Book Image

Practical Business Intelligence

By : Ahmed Sherif
Book Image

Practical Business Intelligence

By: Ahmed Sherif

Overview of this book

Business Intelligence (BI) is at the crux of revolutionizing enterprise. Everyone wants to minimize losses and maximize profits. Thanks to Big Data and improved methodologies to analyze data, Data Analysts and Data Scientists are increasingly using data to make informed decisions. Just knowing how to analyze data is not enough, you need to start thinking how to use data as a business asset and then perform the right analysis to build an insightful BI solution. Efficient BI strives to achieve the automation of data for ease of reporting and analysis. Through this book, you will develop the ability to think along the right lines and use more than one tool to perform analysis depending on the needs of your business. We start off by preparing you for data analytics. We then move on to teach you a range of techniques to fetch important information from various databases, which can be used to optimize your business. The book aims to provide a full end-to-end solution for an environment setup that can help you make informed business decisions and deliver efficient and automated BI solutions to any company. It is a complete guide for implementing Business intelligence with the help of the most powerful tools like D3.js, R, Tableau, Qlikview and Python that are available on the market.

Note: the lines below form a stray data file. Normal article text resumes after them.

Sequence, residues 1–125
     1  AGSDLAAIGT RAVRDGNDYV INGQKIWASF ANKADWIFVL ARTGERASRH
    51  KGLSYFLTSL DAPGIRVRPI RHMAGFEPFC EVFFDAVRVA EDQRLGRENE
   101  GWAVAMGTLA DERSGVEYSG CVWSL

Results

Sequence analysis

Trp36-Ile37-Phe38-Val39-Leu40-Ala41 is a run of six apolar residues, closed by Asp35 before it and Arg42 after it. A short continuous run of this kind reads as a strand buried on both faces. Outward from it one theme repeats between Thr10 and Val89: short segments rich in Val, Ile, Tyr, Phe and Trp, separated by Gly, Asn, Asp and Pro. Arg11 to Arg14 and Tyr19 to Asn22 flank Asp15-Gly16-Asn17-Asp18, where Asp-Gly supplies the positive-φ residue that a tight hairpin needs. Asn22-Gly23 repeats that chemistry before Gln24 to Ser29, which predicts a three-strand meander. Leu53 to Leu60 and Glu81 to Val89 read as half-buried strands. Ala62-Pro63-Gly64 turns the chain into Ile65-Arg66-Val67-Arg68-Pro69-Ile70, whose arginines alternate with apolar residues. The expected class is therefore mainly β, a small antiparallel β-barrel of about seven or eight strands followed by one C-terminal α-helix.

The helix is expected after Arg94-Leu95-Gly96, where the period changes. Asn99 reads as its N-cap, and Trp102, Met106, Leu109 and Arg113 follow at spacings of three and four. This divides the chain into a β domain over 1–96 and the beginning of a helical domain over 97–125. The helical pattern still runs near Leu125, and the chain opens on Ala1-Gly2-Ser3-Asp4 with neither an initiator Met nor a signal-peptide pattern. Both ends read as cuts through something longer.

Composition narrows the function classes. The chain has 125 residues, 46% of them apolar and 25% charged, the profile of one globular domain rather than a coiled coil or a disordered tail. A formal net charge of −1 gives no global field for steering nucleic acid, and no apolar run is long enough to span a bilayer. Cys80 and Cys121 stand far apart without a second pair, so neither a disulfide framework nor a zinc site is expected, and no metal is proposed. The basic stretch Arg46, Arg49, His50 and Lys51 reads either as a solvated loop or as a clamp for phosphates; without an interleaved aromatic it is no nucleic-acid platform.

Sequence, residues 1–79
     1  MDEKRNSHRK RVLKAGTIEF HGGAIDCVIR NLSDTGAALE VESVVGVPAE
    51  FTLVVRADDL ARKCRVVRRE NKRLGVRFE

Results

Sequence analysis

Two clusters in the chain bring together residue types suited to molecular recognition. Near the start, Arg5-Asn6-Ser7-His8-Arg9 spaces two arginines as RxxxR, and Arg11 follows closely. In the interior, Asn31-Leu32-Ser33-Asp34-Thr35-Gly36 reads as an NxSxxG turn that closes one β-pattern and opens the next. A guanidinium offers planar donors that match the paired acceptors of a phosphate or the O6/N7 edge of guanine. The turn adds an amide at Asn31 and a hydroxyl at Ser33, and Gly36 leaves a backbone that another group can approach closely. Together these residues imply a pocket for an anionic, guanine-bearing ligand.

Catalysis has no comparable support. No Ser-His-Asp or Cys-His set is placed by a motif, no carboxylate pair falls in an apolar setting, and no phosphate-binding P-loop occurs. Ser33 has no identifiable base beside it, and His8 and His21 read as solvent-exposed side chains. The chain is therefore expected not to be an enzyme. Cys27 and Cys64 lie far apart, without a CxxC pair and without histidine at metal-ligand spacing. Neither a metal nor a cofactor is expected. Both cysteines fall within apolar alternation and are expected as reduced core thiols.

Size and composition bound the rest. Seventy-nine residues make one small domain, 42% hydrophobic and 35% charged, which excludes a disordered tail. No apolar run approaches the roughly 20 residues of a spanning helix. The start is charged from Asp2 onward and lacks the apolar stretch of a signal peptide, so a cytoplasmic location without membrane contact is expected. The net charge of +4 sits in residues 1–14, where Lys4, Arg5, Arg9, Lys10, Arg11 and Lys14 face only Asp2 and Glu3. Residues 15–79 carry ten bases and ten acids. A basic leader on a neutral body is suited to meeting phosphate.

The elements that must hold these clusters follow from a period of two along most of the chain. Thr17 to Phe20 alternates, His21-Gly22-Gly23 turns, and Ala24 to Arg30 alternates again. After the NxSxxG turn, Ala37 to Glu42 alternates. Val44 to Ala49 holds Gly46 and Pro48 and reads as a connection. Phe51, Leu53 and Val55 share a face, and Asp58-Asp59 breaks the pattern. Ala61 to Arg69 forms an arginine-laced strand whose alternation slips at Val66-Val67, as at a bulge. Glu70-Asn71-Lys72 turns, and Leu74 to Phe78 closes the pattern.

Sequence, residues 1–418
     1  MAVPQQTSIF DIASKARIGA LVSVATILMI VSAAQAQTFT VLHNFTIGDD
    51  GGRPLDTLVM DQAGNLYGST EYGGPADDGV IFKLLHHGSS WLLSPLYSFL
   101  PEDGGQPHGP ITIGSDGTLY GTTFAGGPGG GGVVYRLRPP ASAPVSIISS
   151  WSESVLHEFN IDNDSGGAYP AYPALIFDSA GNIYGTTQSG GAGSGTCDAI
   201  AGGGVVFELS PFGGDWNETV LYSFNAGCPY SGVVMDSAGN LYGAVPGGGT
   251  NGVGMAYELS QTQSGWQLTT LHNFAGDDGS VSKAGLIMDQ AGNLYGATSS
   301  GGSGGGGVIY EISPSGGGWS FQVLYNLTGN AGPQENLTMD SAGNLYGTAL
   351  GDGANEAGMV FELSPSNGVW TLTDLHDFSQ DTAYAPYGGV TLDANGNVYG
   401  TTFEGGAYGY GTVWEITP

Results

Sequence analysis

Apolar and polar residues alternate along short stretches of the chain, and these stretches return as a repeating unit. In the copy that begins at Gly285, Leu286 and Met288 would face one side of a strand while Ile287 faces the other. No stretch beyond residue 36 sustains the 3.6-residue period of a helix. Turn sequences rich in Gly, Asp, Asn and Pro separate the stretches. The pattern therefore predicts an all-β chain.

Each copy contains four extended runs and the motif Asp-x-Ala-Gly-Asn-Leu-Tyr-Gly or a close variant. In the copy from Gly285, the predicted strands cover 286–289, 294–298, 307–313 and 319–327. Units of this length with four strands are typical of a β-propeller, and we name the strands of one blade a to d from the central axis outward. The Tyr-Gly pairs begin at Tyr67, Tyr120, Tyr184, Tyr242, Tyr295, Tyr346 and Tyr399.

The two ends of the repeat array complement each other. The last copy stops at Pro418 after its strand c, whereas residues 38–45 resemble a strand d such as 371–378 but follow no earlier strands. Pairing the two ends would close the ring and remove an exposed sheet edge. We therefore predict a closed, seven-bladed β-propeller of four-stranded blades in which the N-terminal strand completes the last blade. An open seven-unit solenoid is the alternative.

Table of Contents (16 chapters)
Practical Business Intelligence
Credits
About the Author
About the Reviewer
www.PacktPub.com
Customer Feedback
Preface

Building a sales dashboard in Tableau


There are many ways to get started with visualizing in Tableau. One convenient way is to build out several separate visualizations in sheets and then connect them together on a single dashboard canvas later on.

Building a Crosstab

Next to the Data Source tab, click on the tab called Sheet1 to get started visualizing our first component, as seen in the following screenshot:

As we get started with our first visualization, we will primarily see a blank canvas along with access to dimensions, measures, and visualization options. Any object that comes through as a non-numeric field from the data will be labeled under the Dimensions header and can be accessed from the upper left-hand side, as seen in the following screenshot:

Subsequently, any object that comes through from the data as a numeric field will be interpreted as a measure and will fall under the Measures header, as seen in the following screenshot:

And finally, if you are looking to see what the...